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Jackson v. CCA of Tennessee

November 7, 2008


The opinion of the court was delivered by: Royce C. Lamberth, United States District Judge


Now comes defendant, CCA of Tennessee's motion to compel discovery pursuant to Rule 37 of the Federal Rules of Civil Procedure. Plaintiff, Renita Walston Jackson, opposes this motion. Upon consideration of the motion [24], plaintiff's opposition [26], the reply [27], the entire record, and applicable law, the Court finds that defendant's motion [24] to compel will be GRANTED.

I. Background

The plaintiff filed her pro se complaint in the Civil Division of the Superior Court of the District of Columbia on September 15, 2005. (Compl. [24-3] at 1.) Plaintiff alleges:

After going through [approximately] [two] years of discrimination (difference in treatment) and [h]arassment, I attempted to inform management verbally and in writing and due to actions by [several co-workers] that were beyond my control I was wrote up [r]epeatedly, harassed and ultimately [t]erminated wrongfully. Due to a . . . [d]ifference in treatment/[h]arassment, I have [s]ubesequently developed "Panic Attack Syndrome," a medical disorder due to stress.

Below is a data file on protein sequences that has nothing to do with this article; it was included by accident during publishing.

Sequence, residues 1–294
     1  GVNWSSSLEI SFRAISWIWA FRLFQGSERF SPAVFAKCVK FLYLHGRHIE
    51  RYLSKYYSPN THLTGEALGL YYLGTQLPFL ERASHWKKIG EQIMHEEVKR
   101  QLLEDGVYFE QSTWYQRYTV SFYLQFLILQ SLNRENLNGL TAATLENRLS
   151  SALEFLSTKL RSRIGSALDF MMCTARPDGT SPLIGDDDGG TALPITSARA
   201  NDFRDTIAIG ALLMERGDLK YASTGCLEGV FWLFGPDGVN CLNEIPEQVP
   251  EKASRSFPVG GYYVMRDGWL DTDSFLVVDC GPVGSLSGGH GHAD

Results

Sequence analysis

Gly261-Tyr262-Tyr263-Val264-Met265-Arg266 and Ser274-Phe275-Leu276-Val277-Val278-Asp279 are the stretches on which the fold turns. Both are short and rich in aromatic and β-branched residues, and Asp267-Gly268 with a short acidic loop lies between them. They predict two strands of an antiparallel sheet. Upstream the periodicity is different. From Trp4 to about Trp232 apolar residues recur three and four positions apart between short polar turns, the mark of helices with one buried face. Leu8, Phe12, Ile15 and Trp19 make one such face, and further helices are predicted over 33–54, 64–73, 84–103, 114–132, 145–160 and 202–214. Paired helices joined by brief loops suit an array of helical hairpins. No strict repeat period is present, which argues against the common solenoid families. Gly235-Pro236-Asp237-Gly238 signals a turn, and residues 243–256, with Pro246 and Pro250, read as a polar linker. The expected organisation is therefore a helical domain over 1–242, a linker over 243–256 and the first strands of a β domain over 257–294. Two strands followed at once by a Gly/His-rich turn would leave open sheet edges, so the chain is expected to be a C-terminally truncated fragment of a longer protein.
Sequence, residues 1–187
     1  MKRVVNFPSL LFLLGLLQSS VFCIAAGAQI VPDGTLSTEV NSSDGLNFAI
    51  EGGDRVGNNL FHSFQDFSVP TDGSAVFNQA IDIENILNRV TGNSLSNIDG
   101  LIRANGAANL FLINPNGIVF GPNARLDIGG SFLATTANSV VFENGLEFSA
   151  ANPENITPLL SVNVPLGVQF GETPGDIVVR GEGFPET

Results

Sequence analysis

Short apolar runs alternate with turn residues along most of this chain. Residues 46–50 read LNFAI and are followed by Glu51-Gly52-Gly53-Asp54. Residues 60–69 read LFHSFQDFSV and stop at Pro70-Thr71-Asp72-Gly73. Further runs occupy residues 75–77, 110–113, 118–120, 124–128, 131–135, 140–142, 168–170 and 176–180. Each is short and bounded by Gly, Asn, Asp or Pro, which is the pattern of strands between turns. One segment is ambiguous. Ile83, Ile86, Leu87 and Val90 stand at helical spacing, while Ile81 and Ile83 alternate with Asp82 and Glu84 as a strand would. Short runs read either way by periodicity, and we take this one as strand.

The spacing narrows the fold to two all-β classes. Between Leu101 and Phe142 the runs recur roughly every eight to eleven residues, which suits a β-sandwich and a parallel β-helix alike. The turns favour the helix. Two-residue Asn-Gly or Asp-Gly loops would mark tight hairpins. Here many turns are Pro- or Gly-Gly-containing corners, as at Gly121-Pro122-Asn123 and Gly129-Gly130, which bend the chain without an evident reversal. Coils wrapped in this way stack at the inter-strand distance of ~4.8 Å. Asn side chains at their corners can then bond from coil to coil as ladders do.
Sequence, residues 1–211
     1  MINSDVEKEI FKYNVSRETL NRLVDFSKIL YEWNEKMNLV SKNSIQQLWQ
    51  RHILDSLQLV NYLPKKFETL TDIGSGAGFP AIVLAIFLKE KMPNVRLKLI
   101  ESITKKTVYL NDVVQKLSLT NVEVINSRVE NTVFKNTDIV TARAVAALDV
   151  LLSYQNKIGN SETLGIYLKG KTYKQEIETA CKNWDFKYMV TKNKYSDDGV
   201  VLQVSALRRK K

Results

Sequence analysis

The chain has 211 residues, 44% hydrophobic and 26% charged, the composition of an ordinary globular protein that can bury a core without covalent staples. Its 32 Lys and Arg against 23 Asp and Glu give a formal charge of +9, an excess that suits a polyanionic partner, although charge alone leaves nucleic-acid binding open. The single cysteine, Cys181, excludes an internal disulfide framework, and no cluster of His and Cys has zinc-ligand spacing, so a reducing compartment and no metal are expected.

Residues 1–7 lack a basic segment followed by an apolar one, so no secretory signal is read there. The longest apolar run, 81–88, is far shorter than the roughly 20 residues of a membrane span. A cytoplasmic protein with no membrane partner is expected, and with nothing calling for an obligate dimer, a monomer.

(Compl. at 1.) Plaintiff essentially argues that CCA wrongfully denied her medical leave under the District of Columbia Family and Medical Leave Act (DCFMLA), discriminated against her when she became pregnant, and failed to accommodate her panic anxiety syndrome under the District of Columbia Human Rights Act. (See Pl.'s Mot. [8] for Recons. ¶ 4.)

On March 4, 2006, after plaintiff retained counsel, CCA received plaintiff's responses to their first set of interrogatories. (Def.'s Ex. 2 [24-4] at 1.) Plaintiff did not object to CCA's interrogatories. (Id.)

From April 21, 2006 thru November 14, 2006, plaintiff attempted unsuccessfully to have this Court remand this case to the Superior Court for the District of Columbia. (See Order [11].) Thereafter, plaintiff took no action to prosecute this case until the Court issued an order on January 29, 2007 for plaintiff to show cause why this case should not be dismissed for failure to file a report of a Local Rule 16.3 scheduling conference. (See Order [12].)

Plaintiff responded to the order to show cause on February 6, 2007. (See Pl.'s Resp. [13] at 1.) On May 9, 2007, this Court provided the plaintiff with a second opportunity to submit the Local Rule 16.3 report and she complied on June 4, 2007. (See Order [14]; Doc. [16] at 1.) Plaintiff then filed a motion to dismiss her claims for discrimination under the federal Americans with Disabilities Act and federal Family and Medical Leave Act which was granted on November 5, 2007. (See Order [21].)

Thereafter, CCA noticed plaintiff's deposition for November 29, 2007. (See Def.'s Ex. 4 [24-5] ¶ 3.) On November 27, 2007, counsel for Plaintiff informed counsel for CCA that plaintiff would not be available for her deposition. (Id.) On December 20, 2007, plaintiff's deposition was rescheduled to January 11, 2008 at 10:00 am. (Id. ¶ 4.) On January 11th, the deposition of the plaintiff commenced at 11:30 a.m. and adjourned at 2:23 p.m., due to plaintiff's childcare arrangements. (Def.'s Ex. 5 [24-6] at 1.) The deposition was to resume on January 25, 2008. (Id. at 33.)